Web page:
Saturday, June 11, 2022


By Delilah Jones (aka Doris Gohlke)

Book Review

Born in Germany during the height of World War Two, Doris Gohlke survived the horrors of allied bombing raids, and the complete annihilation of her childhood home, to find success in America as one of the most popular, and most photographed, pin-up models of the 1950s, posing for such acclaimed glamour photographers as Keith Bernard (of Bernard of Hollywood) and Russ Meyer (director of Faster, Pussycat! Kill! Kill! and Beyond the Valley of the Dolls). A statuesque brunette with a genuine, infectious smile, dark eyes that could be both playfully innocent or temptingly wicked, and an exotic presence borne from her European background, it is not hard to understand why Gohlke was such an in-demand model for magazines like Modern Man, Satana, Knight, Now, and Adam.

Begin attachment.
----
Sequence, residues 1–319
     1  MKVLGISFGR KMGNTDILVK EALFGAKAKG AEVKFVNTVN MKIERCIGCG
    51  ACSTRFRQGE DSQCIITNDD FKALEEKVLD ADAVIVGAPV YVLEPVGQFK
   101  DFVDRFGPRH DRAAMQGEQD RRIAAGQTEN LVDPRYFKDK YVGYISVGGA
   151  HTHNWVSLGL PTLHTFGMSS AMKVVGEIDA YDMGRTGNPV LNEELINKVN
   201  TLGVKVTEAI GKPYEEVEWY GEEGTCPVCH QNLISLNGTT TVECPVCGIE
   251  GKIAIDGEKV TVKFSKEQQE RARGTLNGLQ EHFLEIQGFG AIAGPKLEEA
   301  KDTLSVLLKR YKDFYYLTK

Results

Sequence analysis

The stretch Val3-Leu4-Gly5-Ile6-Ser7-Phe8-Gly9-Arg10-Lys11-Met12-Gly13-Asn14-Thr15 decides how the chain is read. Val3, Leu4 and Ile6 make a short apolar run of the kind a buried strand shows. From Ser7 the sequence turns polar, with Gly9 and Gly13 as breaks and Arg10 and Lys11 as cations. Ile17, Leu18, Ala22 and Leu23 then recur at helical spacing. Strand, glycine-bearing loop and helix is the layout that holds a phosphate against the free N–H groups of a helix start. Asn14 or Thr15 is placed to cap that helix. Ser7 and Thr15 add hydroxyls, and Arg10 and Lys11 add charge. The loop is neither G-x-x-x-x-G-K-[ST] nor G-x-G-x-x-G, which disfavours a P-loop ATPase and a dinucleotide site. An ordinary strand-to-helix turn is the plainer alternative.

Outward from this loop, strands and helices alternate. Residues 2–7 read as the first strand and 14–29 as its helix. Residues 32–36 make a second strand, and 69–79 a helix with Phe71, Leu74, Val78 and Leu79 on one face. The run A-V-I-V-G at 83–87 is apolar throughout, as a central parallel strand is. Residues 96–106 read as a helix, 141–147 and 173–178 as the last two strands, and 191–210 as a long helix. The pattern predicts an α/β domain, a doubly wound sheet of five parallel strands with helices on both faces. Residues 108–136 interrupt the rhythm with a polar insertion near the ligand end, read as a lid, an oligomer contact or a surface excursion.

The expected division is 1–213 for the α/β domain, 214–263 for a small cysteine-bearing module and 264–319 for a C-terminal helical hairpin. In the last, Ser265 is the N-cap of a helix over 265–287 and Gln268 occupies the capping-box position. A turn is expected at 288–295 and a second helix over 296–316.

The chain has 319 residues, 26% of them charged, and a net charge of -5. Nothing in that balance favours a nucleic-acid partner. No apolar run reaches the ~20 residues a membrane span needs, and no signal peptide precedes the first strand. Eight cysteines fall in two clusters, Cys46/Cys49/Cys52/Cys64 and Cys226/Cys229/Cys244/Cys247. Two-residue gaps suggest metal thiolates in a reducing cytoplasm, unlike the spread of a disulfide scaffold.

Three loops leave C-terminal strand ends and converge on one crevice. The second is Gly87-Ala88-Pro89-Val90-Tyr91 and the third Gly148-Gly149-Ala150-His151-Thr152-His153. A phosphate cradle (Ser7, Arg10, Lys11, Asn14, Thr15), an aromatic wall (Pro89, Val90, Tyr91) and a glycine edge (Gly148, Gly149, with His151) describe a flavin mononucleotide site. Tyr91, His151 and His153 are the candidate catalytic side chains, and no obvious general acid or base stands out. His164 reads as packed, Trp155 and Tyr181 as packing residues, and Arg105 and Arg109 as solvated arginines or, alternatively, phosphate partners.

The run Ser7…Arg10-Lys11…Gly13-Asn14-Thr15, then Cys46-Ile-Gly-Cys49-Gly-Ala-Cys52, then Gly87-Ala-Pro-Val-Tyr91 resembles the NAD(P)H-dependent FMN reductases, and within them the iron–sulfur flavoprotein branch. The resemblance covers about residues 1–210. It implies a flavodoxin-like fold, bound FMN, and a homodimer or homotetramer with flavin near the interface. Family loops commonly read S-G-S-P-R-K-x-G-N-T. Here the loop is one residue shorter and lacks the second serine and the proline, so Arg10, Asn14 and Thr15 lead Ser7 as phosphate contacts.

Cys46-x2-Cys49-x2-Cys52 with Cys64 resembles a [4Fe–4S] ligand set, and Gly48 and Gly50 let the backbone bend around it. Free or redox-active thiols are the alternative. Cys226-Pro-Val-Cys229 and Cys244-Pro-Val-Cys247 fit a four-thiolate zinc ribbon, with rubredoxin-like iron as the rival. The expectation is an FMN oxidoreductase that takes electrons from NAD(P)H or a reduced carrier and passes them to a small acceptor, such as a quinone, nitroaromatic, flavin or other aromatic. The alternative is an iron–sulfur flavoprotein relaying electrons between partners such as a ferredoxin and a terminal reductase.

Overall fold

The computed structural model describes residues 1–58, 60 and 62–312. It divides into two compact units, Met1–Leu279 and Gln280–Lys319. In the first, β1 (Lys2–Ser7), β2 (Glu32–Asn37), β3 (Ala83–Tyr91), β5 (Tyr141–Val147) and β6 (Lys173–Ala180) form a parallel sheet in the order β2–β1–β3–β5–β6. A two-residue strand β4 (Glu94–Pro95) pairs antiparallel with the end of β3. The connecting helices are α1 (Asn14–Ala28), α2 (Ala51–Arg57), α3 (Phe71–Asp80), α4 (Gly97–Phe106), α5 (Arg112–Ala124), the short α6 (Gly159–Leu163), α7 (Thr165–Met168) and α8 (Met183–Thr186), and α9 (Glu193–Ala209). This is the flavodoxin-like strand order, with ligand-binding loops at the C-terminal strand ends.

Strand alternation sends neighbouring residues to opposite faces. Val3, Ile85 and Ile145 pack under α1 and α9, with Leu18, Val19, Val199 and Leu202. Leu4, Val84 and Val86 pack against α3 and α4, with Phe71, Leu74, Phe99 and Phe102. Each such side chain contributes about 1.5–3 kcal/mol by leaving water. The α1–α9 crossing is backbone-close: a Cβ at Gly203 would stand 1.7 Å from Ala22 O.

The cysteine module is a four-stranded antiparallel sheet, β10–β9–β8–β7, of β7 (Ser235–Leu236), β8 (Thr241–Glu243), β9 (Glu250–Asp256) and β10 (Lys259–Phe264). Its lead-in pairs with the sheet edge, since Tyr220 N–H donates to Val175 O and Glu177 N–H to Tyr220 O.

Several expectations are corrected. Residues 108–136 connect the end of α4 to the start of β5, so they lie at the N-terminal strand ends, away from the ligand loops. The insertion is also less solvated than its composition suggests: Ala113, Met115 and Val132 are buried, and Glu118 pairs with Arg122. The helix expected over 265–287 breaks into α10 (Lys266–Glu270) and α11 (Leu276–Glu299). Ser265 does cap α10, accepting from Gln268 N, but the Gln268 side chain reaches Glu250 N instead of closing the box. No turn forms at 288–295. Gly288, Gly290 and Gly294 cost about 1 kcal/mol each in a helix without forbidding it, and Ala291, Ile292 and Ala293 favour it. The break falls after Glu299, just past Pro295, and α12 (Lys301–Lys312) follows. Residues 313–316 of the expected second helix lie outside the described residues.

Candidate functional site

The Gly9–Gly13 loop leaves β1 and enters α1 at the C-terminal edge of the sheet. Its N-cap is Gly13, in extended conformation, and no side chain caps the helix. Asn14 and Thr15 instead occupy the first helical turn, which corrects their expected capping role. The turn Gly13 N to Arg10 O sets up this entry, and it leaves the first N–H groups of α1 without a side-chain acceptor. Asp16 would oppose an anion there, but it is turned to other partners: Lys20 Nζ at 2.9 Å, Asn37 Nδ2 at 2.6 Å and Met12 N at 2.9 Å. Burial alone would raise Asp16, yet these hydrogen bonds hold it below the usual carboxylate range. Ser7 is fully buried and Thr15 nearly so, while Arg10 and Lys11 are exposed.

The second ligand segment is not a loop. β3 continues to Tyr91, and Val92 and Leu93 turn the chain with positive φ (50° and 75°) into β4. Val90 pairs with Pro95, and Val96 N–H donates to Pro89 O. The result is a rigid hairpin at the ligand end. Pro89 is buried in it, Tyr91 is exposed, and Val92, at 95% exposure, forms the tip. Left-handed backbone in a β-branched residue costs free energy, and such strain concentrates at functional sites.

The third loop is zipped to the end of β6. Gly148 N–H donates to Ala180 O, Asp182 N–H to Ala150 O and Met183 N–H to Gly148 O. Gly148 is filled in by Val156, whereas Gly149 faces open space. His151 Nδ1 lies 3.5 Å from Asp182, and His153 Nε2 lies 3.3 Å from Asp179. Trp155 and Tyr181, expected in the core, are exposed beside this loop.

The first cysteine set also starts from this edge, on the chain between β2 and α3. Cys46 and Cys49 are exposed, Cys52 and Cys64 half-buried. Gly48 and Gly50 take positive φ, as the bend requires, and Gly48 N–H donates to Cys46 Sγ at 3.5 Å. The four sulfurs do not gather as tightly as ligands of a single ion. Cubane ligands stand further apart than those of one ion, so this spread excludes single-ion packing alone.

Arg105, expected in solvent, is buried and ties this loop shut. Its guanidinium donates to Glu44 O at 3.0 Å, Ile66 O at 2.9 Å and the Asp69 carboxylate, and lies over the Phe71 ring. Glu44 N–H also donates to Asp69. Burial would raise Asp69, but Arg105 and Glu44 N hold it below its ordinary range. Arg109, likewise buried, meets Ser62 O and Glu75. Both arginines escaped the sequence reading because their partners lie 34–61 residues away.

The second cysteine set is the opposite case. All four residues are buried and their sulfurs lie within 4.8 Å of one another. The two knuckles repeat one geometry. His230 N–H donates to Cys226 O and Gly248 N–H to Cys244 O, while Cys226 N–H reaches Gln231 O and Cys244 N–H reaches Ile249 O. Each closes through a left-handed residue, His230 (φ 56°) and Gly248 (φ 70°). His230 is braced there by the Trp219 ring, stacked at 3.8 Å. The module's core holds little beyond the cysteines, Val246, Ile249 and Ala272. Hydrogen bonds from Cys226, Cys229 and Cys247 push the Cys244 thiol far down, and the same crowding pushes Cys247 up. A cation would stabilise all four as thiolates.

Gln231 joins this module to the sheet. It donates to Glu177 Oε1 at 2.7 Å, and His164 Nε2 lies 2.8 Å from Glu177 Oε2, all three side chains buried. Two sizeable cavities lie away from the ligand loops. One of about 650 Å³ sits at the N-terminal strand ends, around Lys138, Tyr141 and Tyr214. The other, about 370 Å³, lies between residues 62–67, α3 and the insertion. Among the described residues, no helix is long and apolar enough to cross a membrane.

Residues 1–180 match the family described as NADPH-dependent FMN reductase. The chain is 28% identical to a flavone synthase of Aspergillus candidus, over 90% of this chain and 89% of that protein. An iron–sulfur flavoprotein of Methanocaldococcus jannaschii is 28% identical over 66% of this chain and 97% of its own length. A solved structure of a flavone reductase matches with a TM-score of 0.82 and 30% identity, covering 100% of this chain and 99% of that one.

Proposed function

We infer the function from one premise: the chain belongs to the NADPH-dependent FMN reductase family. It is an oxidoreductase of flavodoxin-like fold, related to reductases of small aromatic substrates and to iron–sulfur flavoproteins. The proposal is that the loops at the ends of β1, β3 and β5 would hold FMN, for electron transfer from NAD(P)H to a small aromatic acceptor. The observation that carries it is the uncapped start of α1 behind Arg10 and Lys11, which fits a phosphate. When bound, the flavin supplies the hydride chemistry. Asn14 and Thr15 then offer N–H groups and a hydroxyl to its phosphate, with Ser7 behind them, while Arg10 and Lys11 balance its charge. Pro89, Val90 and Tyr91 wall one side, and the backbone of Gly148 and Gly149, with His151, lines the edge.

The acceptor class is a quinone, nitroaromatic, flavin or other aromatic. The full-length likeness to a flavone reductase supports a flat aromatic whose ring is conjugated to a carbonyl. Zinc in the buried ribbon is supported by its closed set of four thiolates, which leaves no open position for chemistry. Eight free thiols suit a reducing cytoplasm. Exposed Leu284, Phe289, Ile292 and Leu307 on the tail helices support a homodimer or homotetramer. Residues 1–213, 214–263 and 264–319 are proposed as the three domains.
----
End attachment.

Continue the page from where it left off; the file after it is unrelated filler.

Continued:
After featuring in over 75 different men’s magazine pictorials (including 25 covers and nearly as many centerfold features), Gohlke would then reinvent herself as burlesque dancer Delilah Jones, performing at nightclubs, strip joints, and casinos throughout the 1960s and 70s, with extended engagements in Hollywood (including at the famous Pink Pussycat), Las Vegas, and Mexico City. Working the clubs alongside such burlesque legends as Candy Barr, Tempest Storm, Tura Satana, Kitten Natividad, and many more, Gohlke also appeared in several films during the sixties, including the cult nudie exploitation movies Not Tonight Henry (1960) and The Touchables (1961). After retiring from the stage in 1980, she spent some time managing the legendary Palomino Club in Las Vegas.